Julie Kramer White

 

Closed captioning for this video is being processed and will be posted soon. Click here to view all closed captioned videos.

I grew up in a conservative Midwestern home that valued hard work and diligence. I was extremely lucky to have the influence of three strong women in my life – my mother, my grandmother and my great aunt. They raised me to truly believe I could do anything – whether it was sports, algebra or even being one of the few women, at the time, to enroll and graduate from engineering school. For them gender was never a consideration. You were simply supposed to work hard to achieve your goal.

In my home, there was never a question of whether I would go to college, but rather what would I study and where. Our family placed a very high value on education and the opportunities it enabled. Going to school was my ‘job’ and I was expected to do well at it.

Because I was good at math and the sciences, I was encouraged to try medicine or engineering. But I loved science fiction, and it was the idea of designing spacecraft for long-duration exploration that intrigued me. I set my sight on the “Mecca” of human spaceflight: NASA.

I had no idea attending Purdue University in Indiana, with its longtime history with NASA and Johnson Space Center, positioned me well. Purdue was prime recruiting territory for fledgling aerospace engineers. But to me, Purdue was just two hours from home and the state school for engineers – kids who wanted to be doctors went to Indiana University.

I took my job as a co-operative education student at Johnson Space Center not knowing much about the day-to-day work of an engineer. My education began immediately. Immersed with a group of “old” Apollo engineers, their experience and my youthful exuberance made for interesting, energetic and always educational interactions. They fueled my self-confidence and taught me the ropes of decision making when lives, and professional reputations, are at stake.

I used these skills to support all the human spaceflight programs, including the space shuttle orbiter, the International Space Station, the X-38 vehicle and now the Orion Multi-Purpose Crew Vehicle Program.

I joined NASA in the shadow of the 1985 space shuttle Challenger tragedy. I saw firsthand the dedication people felt to resolve what went wrong that day and to make sure it never happened again. From that point forward, the passion for what NASA strives to achieve _ engineering excellence and integrity _ became the touchstone for everything I have done. I know these life lessons aren’t unique to NASA. But the ability to take these values, add a focus on teamwork and persistence, and you can see why NASA truly excels and continues to draw some of the best and brightest young people into the adventure of human spaceflight.

I relived those hard lessons in 2003 when space shuttle Columbia experienced a thermo structural failure during re-entry. This time it was even more personal to me. I had spent 15 years working on the space shuttle, and I was now in a position to provide leadership. Everything my Apollo colleagues had taught me, everything I had learned through diverse co-op tours, everything I had learned in graduate school came into play. It was as if I’d spent 15 years gathering the skills needed to contribute to the Columbia accident investigation. It shows you never know how your life experiences will work together to enable your opportunities in the future.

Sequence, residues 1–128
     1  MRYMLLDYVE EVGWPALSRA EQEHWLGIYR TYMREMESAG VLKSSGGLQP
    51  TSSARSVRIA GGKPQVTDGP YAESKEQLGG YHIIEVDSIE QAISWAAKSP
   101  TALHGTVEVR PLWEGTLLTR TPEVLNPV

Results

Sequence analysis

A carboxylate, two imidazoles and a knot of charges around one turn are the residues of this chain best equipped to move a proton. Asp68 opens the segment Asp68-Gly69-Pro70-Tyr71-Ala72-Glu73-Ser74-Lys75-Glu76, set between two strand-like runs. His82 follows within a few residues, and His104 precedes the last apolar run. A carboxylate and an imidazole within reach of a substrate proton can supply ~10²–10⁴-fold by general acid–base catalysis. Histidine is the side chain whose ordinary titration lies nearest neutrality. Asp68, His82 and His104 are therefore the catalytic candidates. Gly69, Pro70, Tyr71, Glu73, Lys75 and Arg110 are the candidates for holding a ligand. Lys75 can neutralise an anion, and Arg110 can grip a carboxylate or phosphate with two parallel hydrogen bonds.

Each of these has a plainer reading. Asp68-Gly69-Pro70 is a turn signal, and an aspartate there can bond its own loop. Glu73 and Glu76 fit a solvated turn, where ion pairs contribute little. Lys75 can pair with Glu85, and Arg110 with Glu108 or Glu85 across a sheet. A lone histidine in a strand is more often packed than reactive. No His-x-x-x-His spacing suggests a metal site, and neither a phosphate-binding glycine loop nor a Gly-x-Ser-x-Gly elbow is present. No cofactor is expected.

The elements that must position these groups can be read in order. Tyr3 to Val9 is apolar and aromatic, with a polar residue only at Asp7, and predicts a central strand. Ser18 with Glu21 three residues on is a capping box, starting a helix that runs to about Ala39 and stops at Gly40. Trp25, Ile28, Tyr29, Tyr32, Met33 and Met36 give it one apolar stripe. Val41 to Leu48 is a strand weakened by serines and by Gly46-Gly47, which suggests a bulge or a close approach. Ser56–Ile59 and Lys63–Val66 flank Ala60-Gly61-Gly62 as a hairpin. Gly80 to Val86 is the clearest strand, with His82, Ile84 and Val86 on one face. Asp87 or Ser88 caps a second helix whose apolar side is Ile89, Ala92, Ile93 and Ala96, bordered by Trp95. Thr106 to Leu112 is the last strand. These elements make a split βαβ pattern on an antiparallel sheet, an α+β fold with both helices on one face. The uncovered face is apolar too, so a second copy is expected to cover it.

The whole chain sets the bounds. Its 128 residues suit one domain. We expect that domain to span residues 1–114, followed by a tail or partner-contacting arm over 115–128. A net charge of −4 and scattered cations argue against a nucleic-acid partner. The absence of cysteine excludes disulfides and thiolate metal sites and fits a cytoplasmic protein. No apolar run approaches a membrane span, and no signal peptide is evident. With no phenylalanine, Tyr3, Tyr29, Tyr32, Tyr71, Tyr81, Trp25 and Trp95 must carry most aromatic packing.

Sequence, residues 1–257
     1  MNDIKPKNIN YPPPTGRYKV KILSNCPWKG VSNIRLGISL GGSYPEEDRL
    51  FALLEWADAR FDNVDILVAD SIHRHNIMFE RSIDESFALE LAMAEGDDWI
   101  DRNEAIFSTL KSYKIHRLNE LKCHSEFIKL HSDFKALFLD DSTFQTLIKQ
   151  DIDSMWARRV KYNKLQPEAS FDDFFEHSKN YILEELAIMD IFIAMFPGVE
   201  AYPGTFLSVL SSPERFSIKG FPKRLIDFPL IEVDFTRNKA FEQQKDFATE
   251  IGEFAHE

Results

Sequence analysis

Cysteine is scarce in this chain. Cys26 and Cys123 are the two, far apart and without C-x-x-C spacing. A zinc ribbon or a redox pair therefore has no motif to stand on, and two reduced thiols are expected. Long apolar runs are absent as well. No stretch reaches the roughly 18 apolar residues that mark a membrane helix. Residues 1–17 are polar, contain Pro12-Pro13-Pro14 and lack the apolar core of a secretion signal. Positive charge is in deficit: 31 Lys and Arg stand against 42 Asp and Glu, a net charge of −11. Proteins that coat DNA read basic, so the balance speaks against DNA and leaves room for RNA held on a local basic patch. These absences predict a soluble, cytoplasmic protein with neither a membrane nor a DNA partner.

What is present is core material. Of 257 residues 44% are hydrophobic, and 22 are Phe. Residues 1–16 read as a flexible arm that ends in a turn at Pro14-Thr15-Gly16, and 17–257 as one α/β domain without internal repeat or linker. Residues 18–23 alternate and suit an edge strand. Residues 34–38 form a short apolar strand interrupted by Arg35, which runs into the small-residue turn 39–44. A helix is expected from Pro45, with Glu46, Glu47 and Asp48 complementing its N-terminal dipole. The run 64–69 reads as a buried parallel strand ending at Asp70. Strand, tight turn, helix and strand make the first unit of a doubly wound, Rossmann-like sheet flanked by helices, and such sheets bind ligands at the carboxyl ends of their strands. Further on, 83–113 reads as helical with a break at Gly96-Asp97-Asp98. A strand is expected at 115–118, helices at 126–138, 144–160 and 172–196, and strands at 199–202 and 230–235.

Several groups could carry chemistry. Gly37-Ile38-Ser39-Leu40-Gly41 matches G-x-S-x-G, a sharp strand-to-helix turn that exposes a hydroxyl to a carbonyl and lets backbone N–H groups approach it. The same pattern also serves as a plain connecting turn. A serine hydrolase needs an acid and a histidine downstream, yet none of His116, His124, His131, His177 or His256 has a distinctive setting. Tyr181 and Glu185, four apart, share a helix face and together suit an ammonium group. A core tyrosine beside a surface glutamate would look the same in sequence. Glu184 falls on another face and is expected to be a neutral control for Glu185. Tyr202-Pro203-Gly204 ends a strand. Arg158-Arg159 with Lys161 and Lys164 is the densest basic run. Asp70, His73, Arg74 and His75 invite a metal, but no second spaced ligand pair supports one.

After the Columbia accident, I took a hiatus to have my daughter. She is now 8, and I confess that I still have difficulty striking a balance between work and home. It’s a constant struggle, but totally worth it. I wouldn’t want to have had to choose between my family and my career. I’ve been at NASA for 25 years. My career is a big part of my life…an important part of who I am.

When I returned to NASA, I joined the NASA Engineering and Center and then took my current job as Orion chief engineer. As chief engineer, I am amazed every day at the depth of technical talent in this agency and the contractor family. I’m also amazed at how much these folks need and value leadership. Leaders that can communicate, advocate and make clear decisions are worth their weight in gold. I find now I spend most of my career trying to learn to be a better leader – we have all kinds of folks who are there to provide the best technical options – so my job is to knock down barriers, help them prioritize, allow them to move forward. That’s a totally different skill, but equally important to our success as an agency and a nation.

Biography

Julie Kramer White demonstrated mechanical aptitude at a young age. She was the one who owned and treasured her toolbox; the one asked to fix the washer, the recliner or whatever was broken. So, when strong academic talent in math and science became apparent to her middle school teachers, she was a natural recruit for efforts focused on bringing more girls into math and science fields during the 70’s. Though engineering interested Julie, she knew she didn’t want to design washing machines. Instead it was the challenge of human spaceflight that appealed to her – and she set her sights on NASA. At the age of 19, she arrived at NASA’s Johnson Space Center in Houston, home of the engineers who designed Apollo and the Space Shuttle. As a cooperative education student, she began to learn what it took to fly humans in space. It became her career and her passion. During her 25 years working on the space shuttle, she learned a lot about the engineering, spacecraft, and ultimately, how NASA made human spaceflight look a lot easier than it was. She is currently serving as the chief engineer building the Orion spacecraft, which will take astronauts deeper into space than ever before. Perhaps more importantly, Ms. Kramer White says NASA has taught her the value of integrity, perseverance, and leadership.